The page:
I was happy to discover this week that under the federal Affordable Care Act, I qualify for dependable medical coverage under Medicaid. What I hadn't bargained for when I signed up Tuesday was my becoming the center of a national conservative media frenzy.
I was quoted in news stories about the opening days of the program's implementation and, for those unhappy with the health care plan, I became a symbol for all that is wrong with helping those who can't afford health insurance. I can understand how a commentator in The Wall Street Journal and Rush Limbaugh would latch onto news that a 30-year-old, third-year law student qualified for Medicaid as some sort of scam. But in their zeal, they miss the point.
For my first two years in school, I purchased the health plan that the University of Connecticut offered. It had a high premium, however, and by the third year I decided to shop around. I found a plan with a low premium, but the sort of coverage that made you nervous about what would happen if you got sick or broke a bone.
So, when Access Health CT came online as part of the national Affordable Care Act, I decided to see if I could do better. I could.
During these last couple of years while I've been in school, I worked part time during the school year and in the summer. With my low income, I qualified for Medicaid. It was my willingness to talk about how the new system helped me and how easy it is to use that made me a target for those wanting to derail the federal health care program.
With the key part of the Affordable Care Act coming into effect, the same people who have decried death panels have decided that they should have input into what kind of health care we deserve. It doesn't matter if you are a full-time student who works part time and needs assistance for a few months. Nor does it matter that you've been paying taxes into the system, but for a short period you need a little help and now you're relying on it. Nope. You're a welfare king and a moocher.
Large corporations take advantage of vast tax loopholes and the richest of Americans continue to pay an artificially reduced tax rate because they aren't adequately taxed on investment income and avoid taxable income at all costs. Instead, it's a lot easier to beat up on a student and declare the system a failure because it provides incentives for the apparently socially undesirable behavior of putting yourself through school.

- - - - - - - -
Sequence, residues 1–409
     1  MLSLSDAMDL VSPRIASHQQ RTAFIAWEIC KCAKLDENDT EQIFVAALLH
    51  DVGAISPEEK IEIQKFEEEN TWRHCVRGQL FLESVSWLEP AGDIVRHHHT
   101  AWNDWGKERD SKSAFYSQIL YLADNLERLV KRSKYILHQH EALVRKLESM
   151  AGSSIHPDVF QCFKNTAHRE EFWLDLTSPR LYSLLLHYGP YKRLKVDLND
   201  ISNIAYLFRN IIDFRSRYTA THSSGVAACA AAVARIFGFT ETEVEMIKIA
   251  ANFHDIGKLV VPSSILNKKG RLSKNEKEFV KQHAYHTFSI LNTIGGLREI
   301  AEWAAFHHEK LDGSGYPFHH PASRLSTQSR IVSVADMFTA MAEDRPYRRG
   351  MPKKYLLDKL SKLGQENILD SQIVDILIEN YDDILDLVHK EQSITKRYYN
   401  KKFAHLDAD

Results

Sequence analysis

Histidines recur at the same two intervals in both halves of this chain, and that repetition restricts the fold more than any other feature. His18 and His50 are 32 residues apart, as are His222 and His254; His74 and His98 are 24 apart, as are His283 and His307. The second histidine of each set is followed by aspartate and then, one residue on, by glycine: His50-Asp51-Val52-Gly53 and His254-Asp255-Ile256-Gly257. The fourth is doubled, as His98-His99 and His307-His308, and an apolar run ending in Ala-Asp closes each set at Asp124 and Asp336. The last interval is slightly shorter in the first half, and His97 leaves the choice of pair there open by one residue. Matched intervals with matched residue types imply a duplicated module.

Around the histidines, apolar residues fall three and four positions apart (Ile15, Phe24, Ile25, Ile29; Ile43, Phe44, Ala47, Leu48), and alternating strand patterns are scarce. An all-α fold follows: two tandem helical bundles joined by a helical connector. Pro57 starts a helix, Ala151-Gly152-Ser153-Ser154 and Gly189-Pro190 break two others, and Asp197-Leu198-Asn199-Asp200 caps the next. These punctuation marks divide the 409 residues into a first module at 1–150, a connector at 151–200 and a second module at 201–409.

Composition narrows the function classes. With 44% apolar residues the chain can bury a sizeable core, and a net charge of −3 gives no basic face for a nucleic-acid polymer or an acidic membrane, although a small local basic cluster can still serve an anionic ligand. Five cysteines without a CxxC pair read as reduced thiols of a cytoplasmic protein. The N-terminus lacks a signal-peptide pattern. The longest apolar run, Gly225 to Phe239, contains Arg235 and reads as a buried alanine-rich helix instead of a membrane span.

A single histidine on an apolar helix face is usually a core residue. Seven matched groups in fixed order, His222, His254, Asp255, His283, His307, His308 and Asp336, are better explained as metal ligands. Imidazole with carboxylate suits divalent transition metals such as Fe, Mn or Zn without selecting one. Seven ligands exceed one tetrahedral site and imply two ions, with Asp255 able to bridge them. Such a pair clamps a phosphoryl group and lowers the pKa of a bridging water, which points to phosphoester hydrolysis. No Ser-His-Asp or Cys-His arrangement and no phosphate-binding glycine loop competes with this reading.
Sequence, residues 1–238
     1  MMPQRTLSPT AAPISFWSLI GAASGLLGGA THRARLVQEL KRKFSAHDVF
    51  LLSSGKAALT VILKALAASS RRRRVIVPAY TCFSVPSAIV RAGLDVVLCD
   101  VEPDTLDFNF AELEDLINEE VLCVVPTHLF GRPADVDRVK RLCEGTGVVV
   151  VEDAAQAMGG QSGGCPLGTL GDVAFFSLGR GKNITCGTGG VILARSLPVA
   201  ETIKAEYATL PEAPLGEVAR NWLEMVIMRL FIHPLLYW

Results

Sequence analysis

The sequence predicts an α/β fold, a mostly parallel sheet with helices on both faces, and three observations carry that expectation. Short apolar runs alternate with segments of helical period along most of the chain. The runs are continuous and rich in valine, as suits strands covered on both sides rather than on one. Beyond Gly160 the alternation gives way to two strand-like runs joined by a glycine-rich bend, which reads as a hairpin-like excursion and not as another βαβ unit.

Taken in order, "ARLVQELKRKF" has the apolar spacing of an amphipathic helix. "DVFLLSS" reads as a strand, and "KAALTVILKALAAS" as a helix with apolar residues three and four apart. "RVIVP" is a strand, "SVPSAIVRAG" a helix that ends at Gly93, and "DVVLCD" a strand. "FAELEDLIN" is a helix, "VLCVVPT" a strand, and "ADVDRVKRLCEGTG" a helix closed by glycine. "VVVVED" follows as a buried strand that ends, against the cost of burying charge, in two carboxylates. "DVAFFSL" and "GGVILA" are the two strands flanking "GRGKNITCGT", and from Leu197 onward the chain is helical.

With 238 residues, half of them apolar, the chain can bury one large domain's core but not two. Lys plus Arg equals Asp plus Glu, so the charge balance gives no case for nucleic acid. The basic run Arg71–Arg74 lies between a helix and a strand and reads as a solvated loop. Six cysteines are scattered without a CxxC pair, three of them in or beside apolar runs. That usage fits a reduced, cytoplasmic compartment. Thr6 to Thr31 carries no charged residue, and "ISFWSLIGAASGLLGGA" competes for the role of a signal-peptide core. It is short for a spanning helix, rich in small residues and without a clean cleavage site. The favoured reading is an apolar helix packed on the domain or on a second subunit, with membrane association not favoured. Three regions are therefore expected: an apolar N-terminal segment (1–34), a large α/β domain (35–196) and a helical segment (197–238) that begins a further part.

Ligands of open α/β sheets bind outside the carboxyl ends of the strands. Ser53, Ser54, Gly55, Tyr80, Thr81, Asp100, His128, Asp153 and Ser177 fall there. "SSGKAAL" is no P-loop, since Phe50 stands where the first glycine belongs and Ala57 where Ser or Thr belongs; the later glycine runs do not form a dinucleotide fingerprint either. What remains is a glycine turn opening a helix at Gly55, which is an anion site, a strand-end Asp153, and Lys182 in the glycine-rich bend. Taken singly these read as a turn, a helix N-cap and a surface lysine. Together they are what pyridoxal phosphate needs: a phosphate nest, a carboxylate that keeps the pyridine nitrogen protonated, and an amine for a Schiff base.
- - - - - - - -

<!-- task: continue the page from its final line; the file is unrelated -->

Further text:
We have largely stopped complaining about a small business receiving a subsidy or benefit; or when a farmer, an unemployed person, a person with disabilities or a senior is helped by the government. Hopefully, we can get to that mind-set regarding people who need assistance to obtain adequate and affordable health coverage.
Health care is a fundamental right. It's shameful that more than half the states in the union have decided that their less wealthy residents are undeserving of that right and that they must continue to defer care until they require emergency care at the greatest cost.
I'm fortunate to live in a state that thought the Medicaid expansion was a good idea and expanding the safety net was the right thing to do for its residents. Twenty-six other states don't seem to hold their citizens in such high regard. They would prefer the less wealthy of them to forgo treatment until it's too late, so that the health risk to them is the highest and the cost to everyone else is the greatest.
No one needs to justify why they are seeking coverage under the Affordable Care Act. All this shaming is a ploy to make something that is a positive change in our country seem insidious and wrong.
Brendan L. Mahoney lives in Hartford.